Well, sirs, remember this, though the moral man is good for many things—yet he is not good enough to go to heaven, he is not good enough to be made glorious, Mat. 5:20. Certainly there is nothing in all the world, below real sanctity, which will ever bring a man to the possession of glory. And though it may grieve us—to speak after the manner of men—to see sweet natures, to see many moral honest men, take many a weary step towards heaven, and to come near to heaven, and to bid fair for heaven—and yet after all to fall short of heaven; yet it will be no way grievous to a holy God to turn such sweet natures into hell, Psalm 9:17. Morality is not sufficient to keep a man out of eternal misery; all it can do is to help a man to one of the best rooms and easiest beds which hell affords. For, look, as the moral man's sins are not so great as others, so his punishments shall not be so great as others. This is all the comfort that can be afforded to a moral man, that he shall have a cooler hell than others have: but this is but cold comfort. Morality without piety is as a body without a soul. Will God ever accept of such a stinking sacrifice? Surely not!
"The Pharisee stood up and prayed about himself: 'God, I thank you that I am not like other men--robbers, evildoers, adulterers--or even like this tax collector. I fast twice a week and give a tenth of all I get.' But the tax collector stood at a distance. He would not even look up to heaven, but beat his breast and said, 'God, have mercy on me, a sinner.' I tell you that this man, rather than the other, went home justified before God. For everyone who exalts himself will be humbled, and he who humbles himself will be exalted." Luke 18:11-14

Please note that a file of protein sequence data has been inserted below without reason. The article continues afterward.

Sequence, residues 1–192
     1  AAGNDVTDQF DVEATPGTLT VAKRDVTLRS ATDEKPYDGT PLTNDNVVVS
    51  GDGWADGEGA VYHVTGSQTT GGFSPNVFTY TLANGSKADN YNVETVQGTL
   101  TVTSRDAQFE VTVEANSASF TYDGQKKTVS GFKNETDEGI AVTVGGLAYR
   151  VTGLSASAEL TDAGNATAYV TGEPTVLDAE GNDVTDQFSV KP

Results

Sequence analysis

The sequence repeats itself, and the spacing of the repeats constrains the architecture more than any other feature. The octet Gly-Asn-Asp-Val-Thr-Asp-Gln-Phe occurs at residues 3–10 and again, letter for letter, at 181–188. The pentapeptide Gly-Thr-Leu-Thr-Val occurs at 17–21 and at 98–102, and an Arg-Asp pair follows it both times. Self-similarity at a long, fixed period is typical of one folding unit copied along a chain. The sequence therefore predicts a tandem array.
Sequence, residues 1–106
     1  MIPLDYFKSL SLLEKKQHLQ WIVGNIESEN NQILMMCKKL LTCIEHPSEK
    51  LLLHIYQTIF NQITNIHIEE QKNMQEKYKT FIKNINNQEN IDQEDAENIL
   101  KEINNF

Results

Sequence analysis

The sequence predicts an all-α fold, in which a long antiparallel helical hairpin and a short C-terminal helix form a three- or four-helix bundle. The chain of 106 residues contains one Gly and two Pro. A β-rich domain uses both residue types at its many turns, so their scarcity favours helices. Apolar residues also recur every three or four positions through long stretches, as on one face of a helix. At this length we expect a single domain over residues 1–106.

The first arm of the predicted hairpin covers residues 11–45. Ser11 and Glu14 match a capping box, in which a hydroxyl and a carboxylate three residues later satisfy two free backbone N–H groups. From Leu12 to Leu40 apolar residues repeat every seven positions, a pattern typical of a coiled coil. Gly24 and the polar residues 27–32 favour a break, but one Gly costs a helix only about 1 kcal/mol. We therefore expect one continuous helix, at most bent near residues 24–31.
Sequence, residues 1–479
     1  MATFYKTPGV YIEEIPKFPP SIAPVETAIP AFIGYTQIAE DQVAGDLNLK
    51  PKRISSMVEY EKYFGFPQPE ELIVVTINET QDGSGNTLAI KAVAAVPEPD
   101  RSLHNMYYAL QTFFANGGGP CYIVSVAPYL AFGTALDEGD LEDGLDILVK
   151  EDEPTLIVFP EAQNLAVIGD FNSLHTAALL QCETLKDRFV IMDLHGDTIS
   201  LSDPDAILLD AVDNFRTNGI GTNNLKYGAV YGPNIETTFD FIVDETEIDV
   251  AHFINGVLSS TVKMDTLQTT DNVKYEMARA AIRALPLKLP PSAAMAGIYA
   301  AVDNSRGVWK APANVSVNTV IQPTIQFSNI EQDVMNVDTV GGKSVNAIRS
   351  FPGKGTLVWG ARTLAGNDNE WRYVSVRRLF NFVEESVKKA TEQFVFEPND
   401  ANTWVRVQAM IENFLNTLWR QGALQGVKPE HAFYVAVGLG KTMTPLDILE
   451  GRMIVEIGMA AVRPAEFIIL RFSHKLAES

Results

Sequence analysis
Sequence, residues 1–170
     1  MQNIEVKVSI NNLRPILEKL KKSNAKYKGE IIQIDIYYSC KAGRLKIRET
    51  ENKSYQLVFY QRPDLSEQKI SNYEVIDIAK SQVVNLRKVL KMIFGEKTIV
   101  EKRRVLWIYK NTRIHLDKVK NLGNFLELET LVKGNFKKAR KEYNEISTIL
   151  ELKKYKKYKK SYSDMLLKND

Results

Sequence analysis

5. Fifthly, If real holiness be the only way to happiness; if men must be holy on earth, or else they shall never come to a fruition of God in heaven; then this truth, by way of conviction, looks sourly and sadly upon all DOUBLE-MINDED men,who divide their hearts between God and mammon, Mat. 6:19. These halt between God and Baal, 1 Kings 18:21; and divide their souls between heaven and earth, between piety and their lusts, Zeph. 1:5. They are like the Samaritans, who both worshiped the Lord, and the Assyrians' idols too, 2 Kings 17:32-33, and 18:11. A double-minded man is a monster; he has two tongues, two minds, and two souls: he has a tongue for God, and a tongue for the world too; he looks up to God, and says, "Certainly you are mine!" He looks down upon the world, and says, "Surely I am yours!" He has a mind to be religious, and a mind to save his own stake in the world too. [James 1:8. A double-souled man, Mat. 19:16, 26.]